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The isthmus of the fauces or the oropharyngeal isthmus is a part of the oropharynx directly behind the mouth cavity, bounded superiorly by the soft palate, laterally by the palatoglossal arches, and inferiorly by the tongue.

Isthmus of the fauces
A view of the isthmus of the fauces through the mouth cavity. The cheeks have been slit transversely and the tongue pulled forward. (Isthmus faucium labeled at center right.)
Illu pharynx.jpg
LatinIsthmus faucium
Anatomical terminology

The fauces are regarded as the two pillars, formed by the palatoglossus and the palatopharyngeus muscle, respectively, and covered with mucous membrane. The anterior one is known as the palatoglossal arch, and the posterior one is known as the palatopharyngeal arch. Between these two arches is the palatine tonsil.

Each palatoglossal arch runs downwards, laterally and forwards, from the soft palate to the side of the tongue. The approximation of the arches due to the contraction of the palatoglossal muscles constricts the isthmus, and is essential to swallowing (deglutition).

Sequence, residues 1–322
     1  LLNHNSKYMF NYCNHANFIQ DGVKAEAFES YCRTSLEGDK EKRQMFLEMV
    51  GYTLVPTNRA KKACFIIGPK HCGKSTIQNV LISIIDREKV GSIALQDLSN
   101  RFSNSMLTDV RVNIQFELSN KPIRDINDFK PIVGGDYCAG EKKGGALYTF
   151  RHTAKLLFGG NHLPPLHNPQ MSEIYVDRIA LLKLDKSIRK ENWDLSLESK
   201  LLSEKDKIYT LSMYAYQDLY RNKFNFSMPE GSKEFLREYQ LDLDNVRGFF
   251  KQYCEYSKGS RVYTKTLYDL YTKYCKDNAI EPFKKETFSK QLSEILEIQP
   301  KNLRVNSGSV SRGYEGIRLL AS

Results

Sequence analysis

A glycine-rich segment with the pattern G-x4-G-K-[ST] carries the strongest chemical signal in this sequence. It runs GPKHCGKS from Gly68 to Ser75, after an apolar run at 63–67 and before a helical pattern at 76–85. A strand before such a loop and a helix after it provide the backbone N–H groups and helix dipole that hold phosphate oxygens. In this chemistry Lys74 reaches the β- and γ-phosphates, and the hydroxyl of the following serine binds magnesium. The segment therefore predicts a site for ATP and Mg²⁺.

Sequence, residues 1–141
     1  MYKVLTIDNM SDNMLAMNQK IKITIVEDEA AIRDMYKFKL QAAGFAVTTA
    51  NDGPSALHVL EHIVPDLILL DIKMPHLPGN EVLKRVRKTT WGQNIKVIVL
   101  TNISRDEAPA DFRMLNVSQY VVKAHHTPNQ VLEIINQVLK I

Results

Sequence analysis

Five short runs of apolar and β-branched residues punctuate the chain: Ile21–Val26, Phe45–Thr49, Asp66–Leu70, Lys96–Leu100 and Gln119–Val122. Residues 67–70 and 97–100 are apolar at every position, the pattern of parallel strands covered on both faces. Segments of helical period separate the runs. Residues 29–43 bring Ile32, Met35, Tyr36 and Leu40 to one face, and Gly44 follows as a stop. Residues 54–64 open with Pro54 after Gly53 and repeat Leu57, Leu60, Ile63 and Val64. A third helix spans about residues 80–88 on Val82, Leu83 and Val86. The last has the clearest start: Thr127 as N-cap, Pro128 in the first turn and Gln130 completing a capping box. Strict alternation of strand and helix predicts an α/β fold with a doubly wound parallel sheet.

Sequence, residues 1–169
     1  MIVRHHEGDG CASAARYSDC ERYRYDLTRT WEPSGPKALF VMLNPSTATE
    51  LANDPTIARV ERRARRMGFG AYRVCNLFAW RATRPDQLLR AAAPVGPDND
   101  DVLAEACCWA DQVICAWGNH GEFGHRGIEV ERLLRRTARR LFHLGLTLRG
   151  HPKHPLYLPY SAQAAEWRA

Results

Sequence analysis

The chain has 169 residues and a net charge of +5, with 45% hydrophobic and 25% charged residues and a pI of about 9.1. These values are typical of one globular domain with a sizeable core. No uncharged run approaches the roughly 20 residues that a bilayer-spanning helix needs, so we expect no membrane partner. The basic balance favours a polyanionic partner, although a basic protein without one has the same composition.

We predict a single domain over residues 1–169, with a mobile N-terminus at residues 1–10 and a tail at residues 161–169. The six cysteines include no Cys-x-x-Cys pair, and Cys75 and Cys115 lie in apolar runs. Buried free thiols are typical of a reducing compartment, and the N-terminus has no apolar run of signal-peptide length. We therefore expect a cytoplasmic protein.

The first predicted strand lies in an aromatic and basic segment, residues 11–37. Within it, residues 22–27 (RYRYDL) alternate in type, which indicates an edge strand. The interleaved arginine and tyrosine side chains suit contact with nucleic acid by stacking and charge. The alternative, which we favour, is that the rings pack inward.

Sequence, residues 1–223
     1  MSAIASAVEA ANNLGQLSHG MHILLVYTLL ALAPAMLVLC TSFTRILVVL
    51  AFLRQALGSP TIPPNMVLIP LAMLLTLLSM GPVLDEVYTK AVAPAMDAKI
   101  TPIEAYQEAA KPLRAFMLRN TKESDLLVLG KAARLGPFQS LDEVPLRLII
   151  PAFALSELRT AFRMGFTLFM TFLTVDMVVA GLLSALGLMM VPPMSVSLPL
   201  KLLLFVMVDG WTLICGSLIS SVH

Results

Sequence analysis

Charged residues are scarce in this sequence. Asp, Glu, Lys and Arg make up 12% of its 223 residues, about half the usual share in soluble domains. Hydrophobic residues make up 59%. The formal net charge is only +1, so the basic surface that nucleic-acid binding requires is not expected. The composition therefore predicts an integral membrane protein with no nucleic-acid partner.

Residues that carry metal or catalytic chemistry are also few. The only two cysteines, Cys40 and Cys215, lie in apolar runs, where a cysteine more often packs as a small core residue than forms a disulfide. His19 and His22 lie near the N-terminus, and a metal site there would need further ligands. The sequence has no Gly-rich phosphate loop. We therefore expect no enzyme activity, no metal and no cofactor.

Faucitis in a 12-year-old cat that presented with inappetence, tenderness of the mouth, and inability to groom itself. Gingivitis, erosive lingual ulcers and faucitis were evident clinically

Inflammation of the fauces, known as faucitis, is seen in animals. In cats, faucitis is usually a secondary disease to gingivitis but can be a primary disease. In this species faucitis is usually caused by bacterial and viral infections although food allergies need to be excluded in any diagnosis. Treatment is symptomatic and includes broad-spectrum antibiotics and in severe cases where cats are inappetant, corticosteroids (often given as depot forms, e.g. depomedrol) or chemotherapy (e.g. chlorambucil).

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